Orange, Peas and Rose

This extended passage is from an excellent book, “Design As Art” by Bruno Munari. I highly recommend buying this book.

Orange, Peas and Rose

Can one draw a parallel between the objects created by a designer and those produced by nature? Some natural objects do have elements in common with the products of the designer’s craft. What is the rind or shell of a fruit if not the ‘packing’ it comes in? Different fruits, from coconuts to bananas, are packed in different ways. Perhaps if we apply the jargon of design to a few natural objects we may make some interesting discoveries…

Orange

This object is made up of a series of modular containers shaped very much like the segments of an orange and arranged in a circle around a vertical axis. Each container or section has its straight side flush with the axis and its curved side turned outwards. In this way the sum of their curved sides forms a globe, a rough sphere.

All these sections are packed together in a container that is quite distinctive in both as to its material and its colour. Its outside surface is fairly hard, but it has a soft internal lining that serves as padding between the other surface and the sections packed inside. The material is in origin all of the same type, but it is suitably differentiated according to it’s function.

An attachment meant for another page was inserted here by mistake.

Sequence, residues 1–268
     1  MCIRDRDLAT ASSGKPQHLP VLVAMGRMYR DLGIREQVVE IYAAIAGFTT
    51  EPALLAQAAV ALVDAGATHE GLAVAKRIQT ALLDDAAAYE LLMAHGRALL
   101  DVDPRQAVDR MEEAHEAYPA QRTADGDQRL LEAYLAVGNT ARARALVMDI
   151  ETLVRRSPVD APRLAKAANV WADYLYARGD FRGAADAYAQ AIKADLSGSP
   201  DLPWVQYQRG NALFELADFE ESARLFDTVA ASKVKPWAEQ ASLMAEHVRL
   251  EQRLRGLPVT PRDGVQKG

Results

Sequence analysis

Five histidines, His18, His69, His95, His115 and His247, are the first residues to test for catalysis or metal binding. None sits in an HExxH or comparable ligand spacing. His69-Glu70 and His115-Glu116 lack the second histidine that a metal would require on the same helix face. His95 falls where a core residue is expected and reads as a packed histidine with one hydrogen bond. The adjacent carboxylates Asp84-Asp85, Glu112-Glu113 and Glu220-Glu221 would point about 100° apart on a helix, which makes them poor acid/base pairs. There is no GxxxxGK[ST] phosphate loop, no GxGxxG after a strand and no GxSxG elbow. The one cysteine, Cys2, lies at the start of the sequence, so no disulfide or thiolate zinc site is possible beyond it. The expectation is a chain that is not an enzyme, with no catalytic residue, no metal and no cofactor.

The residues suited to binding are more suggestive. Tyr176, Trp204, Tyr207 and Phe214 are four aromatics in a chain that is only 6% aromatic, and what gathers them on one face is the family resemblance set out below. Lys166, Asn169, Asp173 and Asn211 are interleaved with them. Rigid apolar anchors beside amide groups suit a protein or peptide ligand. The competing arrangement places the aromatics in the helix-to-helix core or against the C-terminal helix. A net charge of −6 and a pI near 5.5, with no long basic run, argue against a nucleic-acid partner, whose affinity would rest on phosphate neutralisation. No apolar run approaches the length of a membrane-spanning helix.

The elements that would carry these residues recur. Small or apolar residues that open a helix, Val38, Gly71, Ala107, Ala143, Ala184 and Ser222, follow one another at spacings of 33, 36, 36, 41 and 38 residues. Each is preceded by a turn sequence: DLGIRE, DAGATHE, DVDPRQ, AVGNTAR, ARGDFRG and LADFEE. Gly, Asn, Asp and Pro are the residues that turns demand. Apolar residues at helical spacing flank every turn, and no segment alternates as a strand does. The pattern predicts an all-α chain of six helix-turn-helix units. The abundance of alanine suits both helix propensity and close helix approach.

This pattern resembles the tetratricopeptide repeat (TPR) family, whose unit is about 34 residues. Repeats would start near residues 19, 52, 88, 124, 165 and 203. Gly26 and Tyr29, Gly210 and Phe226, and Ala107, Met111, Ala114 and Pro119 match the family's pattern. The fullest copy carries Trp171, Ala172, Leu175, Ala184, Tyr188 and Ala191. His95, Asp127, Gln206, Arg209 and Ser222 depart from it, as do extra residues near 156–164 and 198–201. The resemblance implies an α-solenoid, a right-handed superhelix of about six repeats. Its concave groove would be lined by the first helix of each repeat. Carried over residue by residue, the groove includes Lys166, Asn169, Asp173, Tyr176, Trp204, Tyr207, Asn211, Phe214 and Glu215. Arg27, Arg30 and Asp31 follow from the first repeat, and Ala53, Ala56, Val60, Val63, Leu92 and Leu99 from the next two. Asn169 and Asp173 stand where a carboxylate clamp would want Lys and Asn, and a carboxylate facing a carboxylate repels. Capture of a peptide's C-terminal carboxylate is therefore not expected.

Each section or container consists of an envelope of plastic-like material large enough to contain the juice but easy to handle during the dismemberment of the global form. The sections are attached to one another by a very weak, though adequate, adhesive. The outer packing container, following the growing tendency of today is not returnable and may be the thrown away.

The form of each section exactly follow the disposition of the teeth in the human mouth, so that once a section has been successfully extracted from the outer container it may be placed between the teeth, and a light pressure is enough to burst the envelope and extract the juice. Apart from the juice the sections generally contain a small seed from the same plant that produced the fruit. This is a small free gift offered by the firm to the client in case the latter wishes to start a production of these objects on his own account. We draw your attention to the fact that while no economic loss is incurred in this gift, it gives rise to an important psychological bond between producer and consume: few if any of these consumers will actually start growing orange trees, and yet this entirely altruistic concession (the idea of being able to do it if he wishes) frees the consumer from his castration complex and establishes a relationship of reciprocal trust.

The orange is there an almost perfect object in which one may observe an absolute coherence of form, function and consumption. Even the colour is exactly right. It would be quite wrong if such an object were blue.

 

Image by Gyorgy Weil

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